To begin, the novel Fahrenheit 451 connects to 2017 because both the superiors in the present day and the novel have done things to shape society into their version of a utopia without the consent of their citizens.

In the novel, everything that happens takes place in the future where everything is different. Such as the protagonist, Guy Montag, is a fireman and his job is to burn books- as well as the structure that shelters them (instead of putting out fires like the firemen we know today). The reason being is because books and literature are illegal and are to be feared by the public as the government does not want their citizens to have their own argument- to have different opinions that can be debatable and give people the knowledge we have today.

Of course, this could show coercion as this law, the law that books are illegal, was forced upon the public by the government or superiors and in turn, the public simply accepted and went with it. And while some people in the novel resisted and kept books in their homes, the firemen would eventually find out and simply burn their home and the books. Sometimes even the owner if they resisted being arrested. “You burn the books and then you burn the ashes,” one of the protagonist’s antagonists, Beatty, had said to Montag. Which then shows how the firemen simple burn the knowledge of the books.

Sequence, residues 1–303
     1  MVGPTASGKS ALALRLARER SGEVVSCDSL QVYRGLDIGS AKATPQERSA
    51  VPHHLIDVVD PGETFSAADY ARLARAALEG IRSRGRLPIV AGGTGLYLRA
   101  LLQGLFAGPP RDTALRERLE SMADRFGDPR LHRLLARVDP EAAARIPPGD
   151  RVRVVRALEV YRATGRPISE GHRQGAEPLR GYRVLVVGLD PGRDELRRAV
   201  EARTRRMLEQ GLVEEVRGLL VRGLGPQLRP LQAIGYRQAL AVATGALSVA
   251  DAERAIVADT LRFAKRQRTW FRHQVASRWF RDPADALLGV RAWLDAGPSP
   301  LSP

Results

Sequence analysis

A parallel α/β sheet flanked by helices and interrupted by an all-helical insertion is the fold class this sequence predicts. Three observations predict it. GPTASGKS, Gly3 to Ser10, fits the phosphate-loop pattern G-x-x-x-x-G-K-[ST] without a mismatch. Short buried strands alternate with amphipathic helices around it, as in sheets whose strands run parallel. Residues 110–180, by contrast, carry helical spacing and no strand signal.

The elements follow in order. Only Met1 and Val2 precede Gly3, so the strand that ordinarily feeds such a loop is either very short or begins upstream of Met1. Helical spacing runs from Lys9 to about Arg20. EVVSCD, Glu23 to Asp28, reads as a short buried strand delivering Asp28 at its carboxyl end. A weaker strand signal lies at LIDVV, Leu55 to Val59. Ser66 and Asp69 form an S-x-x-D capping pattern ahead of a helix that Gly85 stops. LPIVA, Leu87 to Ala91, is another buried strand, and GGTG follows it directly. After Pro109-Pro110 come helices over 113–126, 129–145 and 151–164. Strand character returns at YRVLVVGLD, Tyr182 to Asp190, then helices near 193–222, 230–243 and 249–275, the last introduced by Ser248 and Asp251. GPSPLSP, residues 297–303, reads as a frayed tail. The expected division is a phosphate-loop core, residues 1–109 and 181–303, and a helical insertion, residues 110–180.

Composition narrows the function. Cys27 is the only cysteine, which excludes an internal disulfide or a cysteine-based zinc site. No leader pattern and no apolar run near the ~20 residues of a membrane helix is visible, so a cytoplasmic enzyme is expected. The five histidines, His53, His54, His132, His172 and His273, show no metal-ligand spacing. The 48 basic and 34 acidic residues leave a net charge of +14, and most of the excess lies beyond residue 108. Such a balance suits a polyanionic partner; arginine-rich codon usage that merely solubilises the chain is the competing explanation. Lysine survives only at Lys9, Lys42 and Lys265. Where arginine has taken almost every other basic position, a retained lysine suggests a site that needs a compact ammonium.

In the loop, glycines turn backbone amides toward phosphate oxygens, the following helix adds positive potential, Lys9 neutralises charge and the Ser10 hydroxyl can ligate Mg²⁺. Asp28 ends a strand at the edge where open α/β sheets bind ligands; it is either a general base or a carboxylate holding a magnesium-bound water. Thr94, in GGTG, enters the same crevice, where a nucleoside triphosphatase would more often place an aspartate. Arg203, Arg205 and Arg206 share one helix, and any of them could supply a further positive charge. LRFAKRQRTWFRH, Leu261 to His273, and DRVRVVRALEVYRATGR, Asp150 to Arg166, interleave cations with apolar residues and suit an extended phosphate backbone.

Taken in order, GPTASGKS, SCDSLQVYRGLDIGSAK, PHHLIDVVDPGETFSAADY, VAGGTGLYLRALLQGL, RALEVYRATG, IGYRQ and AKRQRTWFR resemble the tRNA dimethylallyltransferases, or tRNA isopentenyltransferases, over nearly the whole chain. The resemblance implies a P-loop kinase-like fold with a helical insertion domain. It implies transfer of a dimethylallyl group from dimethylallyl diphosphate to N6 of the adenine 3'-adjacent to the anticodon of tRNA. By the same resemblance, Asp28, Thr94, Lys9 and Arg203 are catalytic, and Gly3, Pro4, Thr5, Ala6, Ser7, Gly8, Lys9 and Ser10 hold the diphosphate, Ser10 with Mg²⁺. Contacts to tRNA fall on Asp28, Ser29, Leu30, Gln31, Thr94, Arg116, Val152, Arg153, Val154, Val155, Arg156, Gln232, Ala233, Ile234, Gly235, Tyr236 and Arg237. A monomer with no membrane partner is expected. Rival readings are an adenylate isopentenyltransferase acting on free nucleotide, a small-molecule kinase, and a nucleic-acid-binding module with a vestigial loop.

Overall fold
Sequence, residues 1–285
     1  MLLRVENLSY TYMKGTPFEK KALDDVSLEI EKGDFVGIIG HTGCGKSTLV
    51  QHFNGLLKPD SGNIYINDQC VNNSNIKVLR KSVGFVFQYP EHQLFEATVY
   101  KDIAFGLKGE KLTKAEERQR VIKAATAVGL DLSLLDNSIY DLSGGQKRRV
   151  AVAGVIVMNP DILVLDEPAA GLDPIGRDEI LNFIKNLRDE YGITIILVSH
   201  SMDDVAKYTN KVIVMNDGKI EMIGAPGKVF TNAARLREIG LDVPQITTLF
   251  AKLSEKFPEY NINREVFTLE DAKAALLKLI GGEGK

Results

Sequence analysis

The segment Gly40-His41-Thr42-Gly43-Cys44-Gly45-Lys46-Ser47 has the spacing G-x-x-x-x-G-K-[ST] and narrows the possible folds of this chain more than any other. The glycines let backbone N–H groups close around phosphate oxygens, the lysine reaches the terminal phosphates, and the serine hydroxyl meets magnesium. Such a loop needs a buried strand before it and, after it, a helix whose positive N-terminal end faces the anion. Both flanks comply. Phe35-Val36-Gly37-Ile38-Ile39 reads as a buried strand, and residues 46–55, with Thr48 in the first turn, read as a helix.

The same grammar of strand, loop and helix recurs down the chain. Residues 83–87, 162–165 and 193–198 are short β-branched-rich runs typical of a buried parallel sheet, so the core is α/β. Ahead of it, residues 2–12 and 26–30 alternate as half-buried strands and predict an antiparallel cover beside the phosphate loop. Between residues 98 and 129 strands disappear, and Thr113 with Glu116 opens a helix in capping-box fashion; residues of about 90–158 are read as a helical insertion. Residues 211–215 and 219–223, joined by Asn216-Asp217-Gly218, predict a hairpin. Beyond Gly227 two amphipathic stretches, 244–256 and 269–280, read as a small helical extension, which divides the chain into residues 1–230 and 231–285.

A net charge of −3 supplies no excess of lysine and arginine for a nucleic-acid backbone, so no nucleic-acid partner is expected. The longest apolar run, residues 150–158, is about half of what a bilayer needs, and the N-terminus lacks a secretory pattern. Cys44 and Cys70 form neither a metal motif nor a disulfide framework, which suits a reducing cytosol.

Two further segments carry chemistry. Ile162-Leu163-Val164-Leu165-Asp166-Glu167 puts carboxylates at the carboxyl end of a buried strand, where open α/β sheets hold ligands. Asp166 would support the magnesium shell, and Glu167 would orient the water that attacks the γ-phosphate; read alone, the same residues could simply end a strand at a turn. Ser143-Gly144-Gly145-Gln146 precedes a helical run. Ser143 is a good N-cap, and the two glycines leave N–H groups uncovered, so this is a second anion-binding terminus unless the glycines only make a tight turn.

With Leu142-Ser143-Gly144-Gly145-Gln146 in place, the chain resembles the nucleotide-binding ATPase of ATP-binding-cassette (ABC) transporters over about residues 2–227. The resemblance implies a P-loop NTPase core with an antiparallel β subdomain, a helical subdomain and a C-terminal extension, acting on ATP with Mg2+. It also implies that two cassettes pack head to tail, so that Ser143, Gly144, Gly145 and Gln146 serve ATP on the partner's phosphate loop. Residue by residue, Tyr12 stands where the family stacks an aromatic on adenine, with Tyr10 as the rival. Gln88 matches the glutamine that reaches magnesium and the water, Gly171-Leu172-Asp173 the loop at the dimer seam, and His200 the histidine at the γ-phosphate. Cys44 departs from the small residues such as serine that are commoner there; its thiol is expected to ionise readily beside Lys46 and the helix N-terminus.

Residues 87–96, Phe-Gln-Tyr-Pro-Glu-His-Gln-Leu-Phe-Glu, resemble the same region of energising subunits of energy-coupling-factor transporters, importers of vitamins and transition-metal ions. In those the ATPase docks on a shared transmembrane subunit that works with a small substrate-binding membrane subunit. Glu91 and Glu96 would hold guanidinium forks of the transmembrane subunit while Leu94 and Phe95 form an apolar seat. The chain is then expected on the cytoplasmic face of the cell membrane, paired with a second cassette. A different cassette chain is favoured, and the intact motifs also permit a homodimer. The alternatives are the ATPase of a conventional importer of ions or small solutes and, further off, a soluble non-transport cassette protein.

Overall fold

To compare, in today’s society, our new president of the United States, Donald Trump, has made the travel ban where refugees and immigrants cannot come into the United States. And of course, he has done this without the consent of the U.S. citizens. Meaning that is was forced upon us. And while people are resisting the travel ban, there may be a chance that the travel ban will be discarded- but then again, maybe not. And this goes to show how the novel Fahrenheit 451 and our society today compare to each other.

Photo by marco monetti


CC BY-SA 4.0 Fahrenheit 451’s and today’s version of utopia by Yesenia is licensed under a Creative Commons Attribution-ShareAlike 4.0 International License.

1 Comment
  1. Nina 2 years ago

    Dear Yesenia,

    I was moved by your post and really appreciated the elegant way you made a connection between your book and the current political state of America. It is true that it feels like people were not asked permission for the laws being put into place in both society which has left the “people” like you and me to feel frustrated, isolated, and wanting to protest since our government is not representing us right now. I especially liked your line: “And of course, he has done this without the consent of the U.S. citizens. Meaning that is was forced upon us.” This reminder that we are being coerced and possibly our news and outlets of information and working to make us feel like it was less of a force, or this is just the way it will be like, like what happened in your novel is important too. It is also scary to think that just a few people in power can do something that affects millions without our consent towards it, especially when it affects people so personally.

    I look forward to reading more of what you have to say on the topic.

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